Stocking Up on Retail Cable Hardware

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A year from today -- or maybe two years, but probably three
years, knowing how these things work -- I will stop at my neighborhood electronics store
to buy those great new cable modems and OpenCable boxes that I've been hearing so
much about. Yes indeed, the message of that niftily named Broadband Cable Forum has sunk
in ($350,000 annual budget notwithstanding), and I'm ready to buy!

I'll be getting all of my digital services via cable,
and where better to stock up on access devices than here at the mega-retailer where I
purchase digital TV sets, digital PCS phones, digital back massagers and, if anyone wanted
them, DVDs?

Now the first chore in this "big-box" emporium is
to find where the cable modems and digital set-top boxes are sold. In the computer
department? In the TV department, right next to the digital satellite receivers? Maybe
they're in the new digital-cable department. I'll ask the helpful kid (who I
could swear was my analog server in a fast-food restaurant just a week ago).

Well, it turns out that he's not being spiffed enough
to know where the digital-cable products are stocked. I wander around a bit and realize
that this is just the start of my shopping challenge. Since this particular electronics
superstore is in a no-man's land amid multiple cable franchises, there's
actually no direct cable feed into the store. Hence, there are no real-live demonstrations
of cable-modem service or digital cable.

Cache and carry only.

Oh, I could go to another branch of this chain, but it
turns out that cable's retailing vision didn't quite match the reality of wiring
shopping centers.

Even if the store were wired, it might be demonstrating
Road Runner/MediaOne Express/@Home (or whatever that blended service is called in 2001).
But I actually live across town, and my cable operator carries one of those home-brewed
cable-modem packages.

Will the demo in this store match what I actually can get
from my cable system? The underspiffed clerk doesn't know. In fact, he barely knows
what I'm talking about. He certainly can't tell me which is the right modem to
buy. The BCF campaign assures us that there's total compatibility among modems, but
do you blame me for being cautious -- even if this high-speed modem costs a mere $199?

Suddenly, I recall that back in May 1998, Motorola promised
to convene a summit of retailers and cable executives to spell out its
cable-modem-marketing plan. So I call Motorola's Dick Day and ask, "What
happened?" He reminds me that he vaguely promised to set up such a summit "in
the fall," but thanks to El Niño (or La Niña, or the Cubs' pennant sprint),
autumn never arrived in Chicago that year.

So the modem vision became another bit of peripheral
idealism.

Frustrated in my cable-modem shopping, I move on to the
OpenCable retail pursuit. I remember Broadcom's promise of a single microprocessor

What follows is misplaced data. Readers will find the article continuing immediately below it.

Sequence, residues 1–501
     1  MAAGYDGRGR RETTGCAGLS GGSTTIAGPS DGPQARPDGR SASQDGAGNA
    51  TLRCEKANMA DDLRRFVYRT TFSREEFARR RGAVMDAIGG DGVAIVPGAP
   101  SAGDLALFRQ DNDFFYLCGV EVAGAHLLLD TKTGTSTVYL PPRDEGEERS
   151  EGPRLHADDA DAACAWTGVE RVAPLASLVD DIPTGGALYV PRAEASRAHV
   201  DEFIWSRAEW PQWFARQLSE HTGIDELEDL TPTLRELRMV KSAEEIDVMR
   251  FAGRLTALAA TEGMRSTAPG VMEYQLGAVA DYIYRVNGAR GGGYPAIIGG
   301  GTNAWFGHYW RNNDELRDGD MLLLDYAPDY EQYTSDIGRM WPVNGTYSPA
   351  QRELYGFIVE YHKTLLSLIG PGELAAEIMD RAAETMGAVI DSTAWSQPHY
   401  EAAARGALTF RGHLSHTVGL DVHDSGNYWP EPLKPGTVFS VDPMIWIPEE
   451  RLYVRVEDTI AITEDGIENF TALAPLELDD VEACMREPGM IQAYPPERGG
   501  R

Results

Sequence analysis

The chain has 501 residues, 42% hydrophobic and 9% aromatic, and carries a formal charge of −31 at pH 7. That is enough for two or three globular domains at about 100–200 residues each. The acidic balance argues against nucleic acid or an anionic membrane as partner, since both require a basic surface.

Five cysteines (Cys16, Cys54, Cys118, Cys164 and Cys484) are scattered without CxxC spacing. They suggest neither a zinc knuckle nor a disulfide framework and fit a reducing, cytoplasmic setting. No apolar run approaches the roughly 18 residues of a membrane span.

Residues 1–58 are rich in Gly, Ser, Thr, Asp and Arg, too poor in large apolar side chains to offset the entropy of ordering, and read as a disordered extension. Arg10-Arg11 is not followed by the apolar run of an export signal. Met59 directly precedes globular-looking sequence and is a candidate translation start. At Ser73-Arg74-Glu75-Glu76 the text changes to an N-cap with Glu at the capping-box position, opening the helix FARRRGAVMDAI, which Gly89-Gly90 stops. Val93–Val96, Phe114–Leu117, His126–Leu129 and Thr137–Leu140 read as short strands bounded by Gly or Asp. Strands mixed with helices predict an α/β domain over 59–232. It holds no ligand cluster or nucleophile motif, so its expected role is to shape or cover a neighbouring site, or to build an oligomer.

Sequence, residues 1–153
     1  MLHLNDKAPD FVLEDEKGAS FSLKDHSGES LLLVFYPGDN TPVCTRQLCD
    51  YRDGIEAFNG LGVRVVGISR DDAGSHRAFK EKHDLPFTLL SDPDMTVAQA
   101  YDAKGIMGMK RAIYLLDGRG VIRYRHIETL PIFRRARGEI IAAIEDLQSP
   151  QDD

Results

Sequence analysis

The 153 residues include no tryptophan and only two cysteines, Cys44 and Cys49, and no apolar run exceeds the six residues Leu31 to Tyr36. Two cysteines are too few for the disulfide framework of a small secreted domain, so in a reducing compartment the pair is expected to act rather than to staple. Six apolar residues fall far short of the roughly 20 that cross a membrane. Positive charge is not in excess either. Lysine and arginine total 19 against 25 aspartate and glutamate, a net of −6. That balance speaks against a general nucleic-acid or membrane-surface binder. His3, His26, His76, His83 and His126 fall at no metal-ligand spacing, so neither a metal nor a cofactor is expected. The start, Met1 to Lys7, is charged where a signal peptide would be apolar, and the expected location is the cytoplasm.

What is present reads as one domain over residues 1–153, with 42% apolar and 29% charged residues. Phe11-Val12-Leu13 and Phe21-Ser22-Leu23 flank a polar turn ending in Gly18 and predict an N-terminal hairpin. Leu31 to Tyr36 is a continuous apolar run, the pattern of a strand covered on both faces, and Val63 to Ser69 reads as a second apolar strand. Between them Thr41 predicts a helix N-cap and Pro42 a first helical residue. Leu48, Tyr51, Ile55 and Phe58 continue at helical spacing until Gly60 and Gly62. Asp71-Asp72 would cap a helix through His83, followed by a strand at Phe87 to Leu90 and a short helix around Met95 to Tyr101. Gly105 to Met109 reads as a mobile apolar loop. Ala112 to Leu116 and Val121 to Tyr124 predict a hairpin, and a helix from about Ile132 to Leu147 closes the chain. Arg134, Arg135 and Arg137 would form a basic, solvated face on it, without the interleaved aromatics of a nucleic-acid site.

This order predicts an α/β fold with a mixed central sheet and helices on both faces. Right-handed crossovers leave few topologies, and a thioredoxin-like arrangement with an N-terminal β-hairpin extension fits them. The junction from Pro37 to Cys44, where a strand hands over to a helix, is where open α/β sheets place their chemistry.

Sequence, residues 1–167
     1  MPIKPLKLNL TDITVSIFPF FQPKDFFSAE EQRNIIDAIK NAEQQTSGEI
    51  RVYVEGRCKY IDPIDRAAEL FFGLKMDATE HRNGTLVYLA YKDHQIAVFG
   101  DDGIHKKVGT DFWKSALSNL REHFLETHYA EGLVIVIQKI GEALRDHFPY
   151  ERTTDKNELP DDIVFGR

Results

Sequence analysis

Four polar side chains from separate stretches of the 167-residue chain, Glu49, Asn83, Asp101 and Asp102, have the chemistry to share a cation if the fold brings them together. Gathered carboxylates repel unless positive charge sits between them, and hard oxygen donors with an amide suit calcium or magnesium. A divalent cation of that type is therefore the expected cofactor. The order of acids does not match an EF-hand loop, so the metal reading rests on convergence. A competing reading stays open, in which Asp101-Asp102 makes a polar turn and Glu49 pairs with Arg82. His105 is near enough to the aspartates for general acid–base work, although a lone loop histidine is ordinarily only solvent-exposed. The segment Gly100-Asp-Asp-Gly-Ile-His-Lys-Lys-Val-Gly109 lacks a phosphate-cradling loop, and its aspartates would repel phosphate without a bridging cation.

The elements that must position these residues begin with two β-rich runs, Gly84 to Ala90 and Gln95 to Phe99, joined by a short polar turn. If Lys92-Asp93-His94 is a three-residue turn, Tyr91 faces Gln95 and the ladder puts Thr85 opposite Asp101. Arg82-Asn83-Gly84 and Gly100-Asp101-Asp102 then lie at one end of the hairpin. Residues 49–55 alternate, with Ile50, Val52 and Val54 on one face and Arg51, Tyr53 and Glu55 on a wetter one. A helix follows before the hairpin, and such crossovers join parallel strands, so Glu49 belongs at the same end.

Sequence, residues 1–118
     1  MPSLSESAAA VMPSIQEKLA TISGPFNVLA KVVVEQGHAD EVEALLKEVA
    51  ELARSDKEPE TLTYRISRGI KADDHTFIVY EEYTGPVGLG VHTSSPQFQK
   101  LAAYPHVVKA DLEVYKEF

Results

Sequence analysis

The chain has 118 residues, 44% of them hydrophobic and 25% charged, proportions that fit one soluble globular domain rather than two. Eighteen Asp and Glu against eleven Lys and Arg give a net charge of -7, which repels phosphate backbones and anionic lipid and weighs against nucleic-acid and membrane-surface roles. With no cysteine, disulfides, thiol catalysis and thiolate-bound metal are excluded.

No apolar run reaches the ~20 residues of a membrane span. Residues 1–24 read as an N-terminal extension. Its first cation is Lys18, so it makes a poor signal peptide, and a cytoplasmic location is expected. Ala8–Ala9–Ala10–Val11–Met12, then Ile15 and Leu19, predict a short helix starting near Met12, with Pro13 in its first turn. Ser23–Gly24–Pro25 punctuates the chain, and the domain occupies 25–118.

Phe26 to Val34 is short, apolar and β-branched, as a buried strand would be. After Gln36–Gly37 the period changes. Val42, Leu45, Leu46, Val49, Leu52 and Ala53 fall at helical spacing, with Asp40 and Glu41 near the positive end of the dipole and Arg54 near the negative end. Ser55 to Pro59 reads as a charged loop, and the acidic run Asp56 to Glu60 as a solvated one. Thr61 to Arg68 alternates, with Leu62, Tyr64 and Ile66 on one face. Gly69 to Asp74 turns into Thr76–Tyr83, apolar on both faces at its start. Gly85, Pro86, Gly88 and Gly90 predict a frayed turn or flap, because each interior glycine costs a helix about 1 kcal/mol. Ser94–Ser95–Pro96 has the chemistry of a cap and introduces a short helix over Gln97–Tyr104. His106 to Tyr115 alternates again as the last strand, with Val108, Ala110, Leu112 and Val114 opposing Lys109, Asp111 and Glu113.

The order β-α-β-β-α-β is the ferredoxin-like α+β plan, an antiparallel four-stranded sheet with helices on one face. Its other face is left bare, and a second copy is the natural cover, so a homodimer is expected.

that can put cable-modem service and digital-cable functionality into one set-top box
(again by the famous fall of '98, or, as we skepthusiasts prefer to call it, the
"never-ending six months from now"). This solves my modem problem, since one box
will do it all.

Sadly, the set-top-box department here at my neighborhood
electronics emporium is plagued by the same problem as the modem section: no cable hookup.
Hey, Best Buys and Good Guys didn't have phone connections back in 1998, when they
were trying to sell WebTV boxes. And look how well those moved.

Nonetheless, as a typical consumer-electronics customer, I
am totally satisfied with the brochures and canned demonstrations. Certainly, I believe
the promise and that handsome CableLabs label of authenticity assuring me that this
OpenCable set-top box (another consumer-friendly marketing term) will just plug-and-play
on any cable system.

Somewhere in the back of my mind, I remember Walt
Ciciora's tirade against the consumer-electronics makers for a press release in 1998
that overpromised on cable-ready equipment. And I seem to recall a Bear Stearns forecast
that by 2001, only about 25 percent of most large MSOs will be digital-ready.

Of course, no one here in the mega-store can tell me where
my house fits into this equation. Where's Spiff when I need him? Maybe I should head
over to Nobody Beats the Wiz, which is actually owned by a cable operator, but there is no
branch within 200 miles of my house.

Well, my electronics-shopping spree in the new millennium
has ended just as the ones back in the late '90s did. I don't know exactly what
I've bought, and the instruction books are complicated, but I'm ready to have
fun with these nifty new gizmos.

Oops, I'll have to run back to buy an extra surge
protector.

I-Way Patrol columnist Gary Arlen knows that electronics
retailing is not like shopping at Nordstrom's.

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